Group Violence Intervention (GVI) is an evidence-based approach. The program reduces gun violence by working within social networks to deter groups from shooting. It identifies individuals and groups involved in violent activity and targets them for social services to help them break the cycle of violence, as well as increased consequences if they pull the trigger.
“We notify these people like, ‘Hey, I know who you are, I know what you did,'” said Erica Atwood, who oversees the city’s office of violence prevention that runs GVI. “‘Here are the options: you continue down the path you’re going on and you’re going to land right in the criminal justice system. But here’s an opportunity to take advantage of the social services, supports and diversion programs that are out there.'”
The program connects participants with behavioral health supports, employment opportunities, and other needed resources. Its focus, according to Atwood, is “not just jobs, but how do we take care of people who are looking for a sense of belonging — that’s why they’re in these groups — and how do we give a positive sense of belonging, positive care and concern, so that they do no harm or are harmed.”
Since its launch in August 2020, GVI has identified 598 applicants for the program, attempted 1,191 personalized notifications, and established 302 direct contacts with applicants as well as 239 collateral contacts with their family members. Applicants identified by GVI were arrested six or more times on average. Their median age is 19 and 96% of them are black men.
The program meetings, called “calls”, give candidates a way out of street life and a warning that violence will not be tolerated.
“We want to be able to tell you that we value your life, you don’t need that kind of life on the streets, we have services for you,” said Dr. Caterina Roman, professor of criminal justice at the University. Temple who evaluated a previous implementation of the GVI model in Philadelphia. “Do you need emergency housing? Do you need job training? Do you need access to certain jobs? Let us help you.”
Arguments and retaliation are common causes of gun violence in the city, motivating more than half of shootings in a recent sample cleared by the Philadelphia Police Department.
To reduce these incidents, GVI identifies brewing conflicts between groups and warns those involved that resolving their clashes with gun violence will trigger harsh law enforcement action.
“You create an expectation that there are consequences, but there are also benefits to not engaging in shooting behavior,” said Dr. Ruth Abaya, head of the Department of Health’s injury prevention program. Philadelphia Public Health.
In the current abortion implementation, 147 people are receiving case management, 104 of these participants are receiving additional services and 89 of them have been linked to employment. The average age of those who accepted services is 24, and all of these individuals are black. Thirty-two percent of those who accepted services had shot victims prior to their engagement with GVI; After their first engagement, only 3% were victims of a firearm.
The GVI model has been effective in reducing shootings in some Philadelphia neighborhoods where it was implemented in 2013 through a program called “Focused Deterrence,” run by the District Attorney’s Office and the Philadelphia Police Department. Over a two-year period, areas targeted by the program saw a 35% decrease in shootings, while similar non-targeted areas saw shootings increase by 6%.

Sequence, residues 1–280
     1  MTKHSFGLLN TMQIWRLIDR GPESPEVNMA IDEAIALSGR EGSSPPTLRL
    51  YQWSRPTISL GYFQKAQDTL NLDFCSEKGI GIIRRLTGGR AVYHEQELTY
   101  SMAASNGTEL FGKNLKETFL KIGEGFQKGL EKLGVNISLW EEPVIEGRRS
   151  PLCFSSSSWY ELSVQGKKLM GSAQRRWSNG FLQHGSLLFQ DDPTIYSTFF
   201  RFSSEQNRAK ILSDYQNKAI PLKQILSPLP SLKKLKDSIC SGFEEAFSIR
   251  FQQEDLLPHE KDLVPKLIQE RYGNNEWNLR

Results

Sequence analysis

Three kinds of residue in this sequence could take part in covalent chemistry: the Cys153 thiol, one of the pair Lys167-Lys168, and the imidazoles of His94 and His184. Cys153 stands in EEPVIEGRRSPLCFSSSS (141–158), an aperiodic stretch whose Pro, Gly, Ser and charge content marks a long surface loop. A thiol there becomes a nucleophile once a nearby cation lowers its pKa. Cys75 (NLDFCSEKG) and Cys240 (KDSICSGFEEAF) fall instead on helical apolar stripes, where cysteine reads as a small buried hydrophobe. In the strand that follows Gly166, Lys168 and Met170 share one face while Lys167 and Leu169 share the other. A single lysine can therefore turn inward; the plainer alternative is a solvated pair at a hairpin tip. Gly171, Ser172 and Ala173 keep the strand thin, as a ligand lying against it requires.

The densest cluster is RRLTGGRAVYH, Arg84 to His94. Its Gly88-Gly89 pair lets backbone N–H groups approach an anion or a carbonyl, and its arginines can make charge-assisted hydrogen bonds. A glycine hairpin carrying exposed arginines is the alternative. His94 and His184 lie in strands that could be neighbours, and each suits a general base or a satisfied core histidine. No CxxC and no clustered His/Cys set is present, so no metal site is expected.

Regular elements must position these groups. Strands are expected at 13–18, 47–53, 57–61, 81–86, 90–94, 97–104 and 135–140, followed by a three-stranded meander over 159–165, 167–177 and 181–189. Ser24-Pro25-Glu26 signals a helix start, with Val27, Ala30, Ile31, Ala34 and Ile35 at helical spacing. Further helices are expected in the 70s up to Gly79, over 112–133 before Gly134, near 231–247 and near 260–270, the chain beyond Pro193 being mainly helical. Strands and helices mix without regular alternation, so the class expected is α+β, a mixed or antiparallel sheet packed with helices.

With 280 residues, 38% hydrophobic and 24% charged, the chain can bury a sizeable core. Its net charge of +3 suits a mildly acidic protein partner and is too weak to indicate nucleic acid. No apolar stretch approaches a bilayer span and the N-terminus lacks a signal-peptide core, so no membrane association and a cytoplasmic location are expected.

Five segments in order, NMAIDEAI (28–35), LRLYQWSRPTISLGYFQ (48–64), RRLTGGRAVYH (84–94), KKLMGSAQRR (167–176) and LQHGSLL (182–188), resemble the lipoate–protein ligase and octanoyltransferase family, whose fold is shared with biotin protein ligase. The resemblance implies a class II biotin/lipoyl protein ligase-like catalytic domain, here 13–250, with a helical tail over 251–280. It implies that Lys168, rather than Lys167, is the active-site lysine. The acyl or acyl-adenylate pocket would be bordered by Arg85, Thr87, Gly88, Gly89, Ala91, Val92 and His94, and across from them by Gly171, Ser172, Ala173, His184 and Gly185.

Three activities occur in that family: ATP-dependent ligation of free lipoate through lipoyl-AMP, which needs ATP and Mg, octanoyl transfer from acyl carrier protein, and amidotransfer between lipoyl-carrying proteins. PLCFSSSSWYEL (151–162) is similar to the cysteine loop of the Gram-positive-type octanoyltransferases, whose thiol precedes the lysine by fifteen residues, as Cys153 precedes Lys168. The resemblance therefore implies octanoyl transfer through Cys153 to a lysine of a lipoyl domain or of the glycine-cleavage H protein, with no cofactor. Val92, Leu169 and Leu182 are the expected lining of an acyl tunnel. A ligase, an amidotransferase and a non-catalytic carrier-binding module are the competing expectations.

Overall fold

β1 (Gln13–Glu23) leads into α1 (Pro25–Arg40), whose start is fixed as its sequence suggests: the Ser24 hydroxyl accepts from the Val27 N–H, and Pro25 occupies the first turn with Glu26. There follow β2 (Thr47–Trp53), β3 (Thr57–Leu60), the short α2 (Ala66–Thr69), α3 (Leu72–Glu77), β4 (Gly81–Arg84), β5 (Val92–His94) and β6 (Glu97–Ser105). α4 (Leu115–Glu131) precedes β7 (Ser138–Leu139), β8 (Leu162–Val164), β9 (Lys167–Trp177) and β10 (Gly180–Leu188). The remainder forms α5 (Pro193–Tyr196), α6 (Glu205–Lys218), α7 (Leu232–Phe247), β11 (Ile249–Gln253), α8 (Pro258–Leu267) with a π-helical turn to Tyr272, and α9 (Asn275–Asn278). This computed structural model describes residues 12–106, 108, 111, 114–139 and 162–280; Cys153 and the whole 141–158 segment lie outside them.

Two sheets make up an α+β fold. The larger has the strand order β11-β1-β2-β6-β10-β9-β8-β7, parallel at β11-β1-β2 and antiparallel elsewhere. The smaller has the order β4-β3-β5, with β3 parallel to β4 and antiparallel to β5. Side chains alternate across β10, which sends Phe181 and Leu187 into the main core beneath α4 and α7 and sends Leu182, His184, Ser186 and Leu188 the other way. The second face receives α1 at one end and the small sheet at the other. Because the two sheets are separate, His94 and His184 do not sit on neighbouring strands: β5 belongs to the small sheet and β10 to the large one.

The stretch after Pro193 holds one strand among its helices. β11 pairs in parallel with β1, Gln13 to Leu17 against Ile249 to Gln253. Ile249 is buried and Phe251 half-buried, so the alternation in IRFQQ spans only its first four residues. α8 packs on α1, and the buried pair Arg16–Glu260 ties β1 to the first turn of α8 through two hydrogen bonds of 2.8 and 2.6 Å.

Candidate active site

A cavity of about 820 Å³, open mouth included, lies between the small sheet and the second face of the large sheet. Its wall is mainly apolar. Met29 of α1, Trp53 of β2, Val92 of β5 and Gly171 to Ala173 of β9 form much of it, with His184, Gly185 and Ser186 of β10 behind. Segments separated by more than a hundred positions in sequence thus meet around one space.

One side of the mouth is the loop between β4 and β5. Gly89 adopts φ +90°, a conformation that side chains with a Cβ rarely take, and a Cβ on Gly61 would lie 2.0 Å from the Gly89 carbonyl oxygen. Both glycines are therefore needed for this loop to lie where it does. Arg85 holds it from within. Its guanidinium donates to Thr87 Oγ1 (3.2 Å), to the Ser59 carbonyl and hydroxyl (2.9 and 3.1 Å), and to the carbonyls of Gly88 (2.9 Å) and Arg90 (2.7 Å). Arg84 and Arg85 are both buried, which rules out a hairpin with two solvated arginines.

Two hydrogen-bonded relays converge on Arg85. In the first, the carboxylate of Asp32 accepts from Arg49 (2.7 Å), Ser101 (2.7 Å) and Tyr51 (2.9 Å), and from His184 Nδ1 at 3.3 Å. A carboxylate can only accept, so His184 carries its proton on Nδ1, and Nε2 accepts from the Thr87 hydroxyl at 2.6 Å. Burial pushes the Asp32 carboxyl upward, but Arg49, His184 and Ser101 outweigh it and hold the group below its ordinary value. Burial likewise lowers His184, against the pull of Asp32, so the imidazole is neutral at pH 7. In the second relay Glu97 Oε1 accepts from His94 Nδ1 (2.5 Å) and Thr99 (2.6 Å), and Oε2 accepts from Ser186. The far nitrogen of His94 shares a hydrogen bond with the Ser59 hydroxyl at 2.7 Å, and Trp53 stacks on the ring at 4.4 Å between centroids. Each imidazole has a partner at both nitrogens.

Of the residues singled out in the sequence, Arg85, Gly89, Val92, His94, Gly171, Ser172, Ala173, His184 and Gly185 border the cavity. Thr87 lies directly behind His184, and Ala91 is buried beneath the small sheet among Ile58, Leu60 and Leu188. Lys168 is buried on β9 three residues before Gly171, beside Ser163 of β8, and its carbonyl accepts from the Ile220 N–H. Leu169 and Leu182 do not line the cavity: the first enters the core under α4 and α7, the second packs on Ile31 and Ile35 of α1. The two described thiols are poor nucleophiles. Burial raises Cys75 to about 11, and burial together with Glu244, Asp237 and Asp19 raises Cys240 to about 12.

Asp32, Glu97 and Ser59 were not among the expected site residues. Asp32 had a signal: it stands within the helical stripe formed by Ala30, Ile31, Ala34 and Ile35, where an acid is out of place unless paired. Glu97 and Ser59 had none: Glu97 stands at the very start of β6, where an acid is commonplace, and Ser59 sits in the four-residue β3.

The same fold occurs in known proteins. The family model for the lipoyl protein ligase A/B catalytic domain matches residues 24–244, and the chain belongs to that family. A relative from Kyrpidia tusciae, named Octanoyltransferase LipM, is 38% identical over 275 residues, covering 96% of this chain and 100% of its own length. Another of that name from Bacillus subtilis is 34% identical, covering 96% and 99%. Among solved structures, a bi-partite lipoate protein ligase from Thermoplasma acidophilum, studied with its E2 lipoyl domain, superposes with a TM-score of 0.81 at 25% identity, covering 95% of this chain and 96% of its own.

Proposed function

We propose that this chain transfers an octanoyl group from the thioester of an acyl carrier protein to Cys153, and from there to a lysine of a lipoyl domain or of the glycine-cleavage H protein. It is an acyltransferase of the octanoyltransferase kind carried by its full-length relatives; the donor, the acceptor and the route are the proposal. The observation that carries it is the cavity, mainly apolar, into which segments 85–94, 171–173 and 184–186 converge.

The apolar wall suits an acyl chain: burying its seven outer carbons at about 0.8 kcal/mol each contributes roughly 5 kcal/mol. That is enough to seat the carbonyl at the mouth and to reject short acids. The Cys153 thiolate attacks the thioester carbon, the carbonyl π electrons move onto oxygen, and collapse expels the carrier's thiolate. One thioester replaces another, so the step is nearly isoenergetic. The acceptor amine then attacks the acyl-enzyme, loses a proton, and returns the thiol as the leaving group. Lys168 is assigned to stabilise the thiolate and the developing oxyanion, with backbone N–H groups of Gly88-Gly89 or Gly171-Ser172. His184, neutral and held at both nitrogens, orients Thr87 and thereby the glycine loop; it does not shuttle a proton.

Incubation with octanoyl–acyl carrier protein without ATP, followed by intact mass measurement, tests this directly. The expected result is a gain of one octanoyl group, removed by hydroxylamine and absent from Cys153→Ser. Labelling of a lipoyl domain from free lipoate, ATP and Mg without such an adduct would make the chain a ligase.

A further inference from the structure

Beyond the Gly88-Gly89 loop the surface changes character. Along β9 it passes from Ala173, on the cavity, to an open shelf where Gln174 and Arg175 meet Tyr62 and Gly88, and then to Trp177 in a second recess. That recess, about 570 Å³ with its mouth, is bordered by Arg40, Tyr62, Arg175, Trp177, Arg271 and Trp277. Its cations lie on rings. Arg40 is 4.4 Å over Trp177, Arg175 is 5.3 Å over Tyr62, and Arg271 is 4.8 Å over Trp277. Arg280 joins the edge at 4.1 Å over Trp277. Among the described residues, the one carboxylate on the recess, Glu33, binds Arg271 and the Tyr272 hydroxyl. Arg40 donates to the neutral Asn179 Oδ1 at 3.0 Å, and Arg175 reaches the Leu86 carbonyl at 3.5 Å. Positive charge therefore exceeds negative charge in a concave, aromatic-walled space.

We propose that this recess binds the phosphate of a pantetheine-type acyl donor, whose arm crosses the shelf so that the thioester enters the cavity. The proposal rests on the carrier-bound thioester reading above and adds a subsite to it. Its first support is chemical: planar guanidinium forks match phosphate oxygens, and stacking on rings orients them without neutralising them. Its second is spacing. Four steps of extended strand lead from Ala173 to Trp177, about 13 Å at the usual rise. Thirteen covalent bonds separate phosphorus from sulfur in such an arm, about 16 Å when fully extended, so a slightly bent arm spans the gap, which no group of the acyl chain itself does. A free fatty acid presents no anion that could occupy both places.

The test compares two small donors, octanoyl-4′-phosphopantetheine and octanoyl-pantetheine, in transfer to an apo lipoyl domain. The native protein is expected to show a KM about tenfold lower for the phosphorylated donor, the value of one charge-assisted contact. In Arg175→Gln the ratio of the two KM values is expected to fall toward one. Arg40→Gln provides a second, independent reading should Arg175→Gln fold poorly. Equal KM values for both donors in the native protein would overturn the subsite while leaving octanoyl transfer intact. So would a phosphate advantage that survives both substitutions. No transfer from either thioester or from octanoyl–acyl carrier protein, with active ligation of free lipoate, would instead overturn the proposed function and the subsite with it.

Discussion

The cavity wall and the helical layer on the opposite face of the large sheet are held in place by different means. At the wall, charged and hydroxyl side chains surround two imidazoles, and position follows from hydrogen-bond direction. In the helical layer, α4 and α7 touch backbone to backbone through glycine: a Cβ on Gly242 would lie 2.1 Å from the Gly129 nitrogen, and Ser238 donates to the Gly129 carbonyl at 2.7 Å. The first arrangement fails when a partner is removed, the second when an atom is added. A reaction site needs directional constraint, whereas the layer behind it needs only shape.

However, when Roman and other Temple University researchers analyzed gang-level shooting results, their findings were mixed. Of the 14 gangs targeted, nine experienced reductions in shootings, one experienced no change, and four experienced increases in shootings so large that they outweighed the positive effects on other gangs.
According to Roman, gangs that didn’t change or had an increase in shootings tended to be younger, bigger, and more active on social media than gangs that saw a reduction in shootings.
“That’s where the data comes in, where we go back to law enforcement and say, ‘We need to focus on those three groups that aren’t changing their behavior,'” Roman said. “We think there is a message that reaches bands, but not all bands.”
It’s also important to consider the potential harms of any interventions, Roman added. She noted that critics of the previous program claimed it targeted people who had already given up on their violent lifestyle, including one who missed his degree because he was arrested for a past violation.
Evaluation of the current implementation of the GVI is ongoing, with University of Pennsylvania researchers hoping to complete research on the program’s effects later this year or early 2023. According to Atwood, early indicators suggest that the program works.
“The outcome that we’re starting to see is reduced engagement with the justice system and law enforcement with those people we identify, engagement in positive employment and activities, reduced recidivism for some of the people who have remained engaged, ongoing contact with our social workers,” Atwood said.
For now, the program is growing: this exercise, it will quadruple its case manager complement from three to 12, expand to all police divisions and host at least five group calls. But ultimately, Atwood hopes GVI will be successful enough to be eliminated.
“How can we ensure that we have a system where I am not needed? Atwood asked. “It’s my vision.”
Learn more about gun violence in Philadelphia, the communities it affects, and local solutions — and submit your own ideas for stopping the shooting — at 6abc.com/gunviolence.
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